Veteran Oromo Musician, Etana Tolesa

Many apologies, my readers, for the long delay in updating. Rest assured, this web site is not dead. I was caught PhD-related activities and simultaneously having difficulty with embedding audio (which is rather important for a music blog). The audio magically began working again today with no changes on my part, so here’s hoping that sticks.

At any rate, today, we’re featuring an original song by Oromo musician and composer, Etana Tolesa. He composed this song around 1977 and sang it for his first performance on stage. Originally, the melody was set to lyrics that propogated socialist messages under the Derg regime. When the government officials around Nekemte gathered for a meeting to discuss the country’s development, Etana changed the lyrics and sang this modified version to entertain them. They liked it so much that they invited him to perform in Addis Ababa National Theatre for an international audience.

The song says, “Mee natty agarsissi ragada Wellega,” meaning, “Show me the cultural dance of Wellega.” As the lyrics indicate, the song is meant to be performed with dancers. The lyrics call out six different areas of Wellega: Nekemte, Arjo, Qelam, Asosa, Gimbi, and Horro. (Note that the new government that came into power in the 1990s reorganized Ethiopia’s regions, so Asosa is now part of Benishangul-Gumuz, not Wellega). After he calls out each, there is an interlude in which the cultural dance from that region can be performed. Let’s listen to Etana singing this and take a look at the lyrics and a translation:

Mee natti agarsissi ragada wellega (Show me the cultural dance of Wellega)
Kan Nekemte keessaa akkamii jama (huyus, huyus) (Specifically, Nekemte’s cultural dancing style)

Mee natti agarsissi ragada wollega (Show me the cultural dance of Wellega)
Isaa Arjo keessaa akkamii jama, hiqass, hiqass, hiqass kome (Specifically, Arjo’s cultural dancing style, come close, come close)

Mee natti agarsissi ragada wollega (Show me the cultural dance of Wellega)
Isaa Qelam keessaa akkamii jama (Specifically, Qelam’s cultural dancing style)

Mee natti agarsissi ragada wollega (Show me the cultural dance of Wellega)
Isaa Asosa keessaa akkamii jama, hina Wellega, hina Asosa, hina Nekemte (Specifically, Asosa’s cultural dancing style)

Mee natti agarsissi ragada wollega (Show me the cultural dance of Wellega)
Isaa Gimbii keessaa akkamii jama (Specifically, Gimbii’s cultural dancing style)

Mee natti agarsissi ragada wollega (Show me the cultural dance of Wellega)
Isaa Horro keessaa akkamii jama (Specifically, Horro’s cultural dancing style)

Previously, I had taken some video of Etana demonstrating the different dances. Unfortunately, however, the video has been lost due to a back-up glitch. (Fieldwork…it never goes as you expect it!) As a consolation prize, I went sifting through a bunch of YouTube videos and found one of this Oromo song and dance that appears as though it might be from around Etana’s most active years based on the filmography (although it looks like the dancing styles are from all around Oromia):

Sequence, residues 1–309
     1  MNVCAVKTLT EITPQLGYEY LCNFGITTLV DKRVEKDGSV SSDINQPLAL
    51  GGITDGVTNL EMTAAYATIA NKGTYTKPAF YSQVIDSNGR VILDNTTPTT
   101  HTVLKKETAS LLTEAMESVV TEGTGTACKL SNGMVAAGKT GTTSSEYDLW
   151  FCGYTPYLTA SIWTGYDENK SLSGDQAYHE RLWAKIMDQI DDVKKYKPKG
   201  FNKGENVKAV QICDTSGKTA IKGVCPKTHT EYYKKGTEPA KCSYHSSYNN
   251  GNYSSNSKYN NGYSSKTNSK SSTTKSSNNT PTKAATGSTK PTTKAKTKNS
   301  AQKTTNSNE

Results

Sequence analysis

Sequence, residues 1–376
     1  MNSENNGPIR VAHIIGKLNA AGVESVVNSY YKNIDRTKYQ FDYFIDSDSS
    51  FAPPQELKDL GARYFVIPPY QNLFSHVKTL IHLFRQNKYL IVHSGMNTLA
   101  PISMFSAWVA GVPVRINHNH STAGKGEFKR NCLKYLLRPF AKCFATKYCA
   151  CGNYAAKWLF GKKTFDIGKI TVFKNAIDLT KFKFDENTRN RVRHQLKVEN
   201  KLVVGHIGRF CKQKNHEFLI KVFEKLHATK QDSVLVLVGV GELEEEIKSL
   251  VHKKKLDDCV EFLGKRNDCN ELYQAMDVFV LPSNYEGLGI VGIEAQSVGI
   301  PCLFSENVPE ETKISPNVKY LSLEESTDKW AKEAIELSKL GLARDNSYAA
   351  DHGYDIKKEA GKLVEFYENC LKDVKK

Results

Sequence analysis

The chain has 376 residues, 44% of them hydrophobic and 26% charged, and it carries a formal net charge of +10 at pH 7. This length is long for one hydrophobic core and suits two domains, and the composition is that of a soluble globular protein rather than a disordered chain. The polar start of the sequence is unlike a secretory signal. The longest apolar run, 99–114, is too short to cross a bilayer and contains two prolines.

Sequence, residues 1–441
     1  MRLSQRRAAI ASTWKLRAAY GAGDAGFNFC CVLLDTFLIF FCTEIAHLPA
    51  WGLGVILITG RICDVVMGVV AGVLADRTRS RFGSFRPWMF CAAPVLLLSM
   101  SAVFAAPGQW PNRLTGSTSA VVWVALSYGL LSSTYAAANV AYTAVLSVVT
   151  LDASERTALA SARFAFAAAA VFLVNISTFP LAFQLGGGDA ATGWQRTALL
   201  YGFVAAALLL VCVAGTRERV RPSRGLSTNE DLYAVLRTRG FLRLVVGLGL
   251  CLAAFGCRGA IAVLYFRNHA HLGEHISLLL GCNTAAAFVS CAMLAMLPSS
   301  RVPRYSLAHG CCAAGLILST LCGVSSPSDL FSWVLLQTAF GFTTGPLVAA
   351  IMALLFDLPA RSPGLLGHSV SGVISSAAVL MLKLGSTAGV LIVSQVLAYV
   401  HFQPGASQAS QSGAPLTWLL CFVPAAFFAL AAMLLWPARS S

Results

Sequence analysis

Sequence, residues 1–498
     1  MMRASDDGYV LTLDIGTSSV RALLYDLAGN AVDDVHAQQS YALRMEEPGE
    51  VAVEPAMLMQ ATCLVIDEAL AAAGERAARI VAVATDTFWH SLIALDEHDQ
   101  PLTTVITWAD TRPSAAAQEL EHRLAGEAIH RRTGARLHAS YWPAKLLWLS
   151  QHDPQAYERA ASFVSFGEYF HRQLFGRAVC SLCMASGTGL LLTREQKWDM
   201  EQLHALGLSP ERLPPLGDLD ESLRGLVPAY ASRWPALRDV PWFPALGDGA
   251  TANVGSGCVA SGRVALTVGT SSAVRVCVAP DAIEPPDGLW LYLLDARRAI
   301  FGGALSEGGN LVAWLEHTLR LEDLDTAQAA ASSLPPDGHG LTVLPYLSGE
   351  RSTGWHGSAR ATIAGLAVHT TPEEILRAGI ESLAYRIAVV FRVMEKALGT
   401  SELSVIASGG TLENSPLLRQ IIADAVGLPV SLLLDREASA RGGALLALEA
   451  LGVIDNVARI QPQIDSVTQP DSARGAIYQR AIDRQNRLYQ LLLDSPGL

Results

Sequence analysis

Upon hearing about the time frame in which Etana started performing, I was curious about how he had managed to maintain his career as a musician during the communist Derg regime (1974-1991). This era was especially difficult for musicians, who were feared for their potential to contradict the official state rhetoric and incite anti-goverment sentiment. Etana told me the government did not allow them to sing in the Oromo language unless the song specifically had a message that promoted the government’s propaganda. Even when allowed to perform, there was a lot of censoring. One of Etana’s love songs, “Ashama” (which names a woman called Kassalem), was the object of scrutiny. “They were asking me, why are you saying, ‘Kassalem? Who is Kassalem? What is the [underlying meaning]?’” (Remember, also, the practice of gerarsa , which often has a double meaning, not to mention the Amharic practice of semina werq . These lyrical characteristics made authorities even more suspicious).

Even then, Etana spent most of this era in and out of prison. “They need you to advocate their political system, and only the political system…using these songs, but not your culture,” he said. “So, they put you in prison, and, when they need [you], they will release [you] to advocate the system.”

We’re hoping for better days for Etana, although musicians’ pay is currently low in the cultural troupes and veterans such as Etana unfortunately are not given due recognition. Today, musicians still have to be careful about their messages, given the delicate political situation in Ethiopia at the moment (they are still under a state of emergency, and there are ongoing reports of imprisonment in areas of Oromia and Amhara regions).

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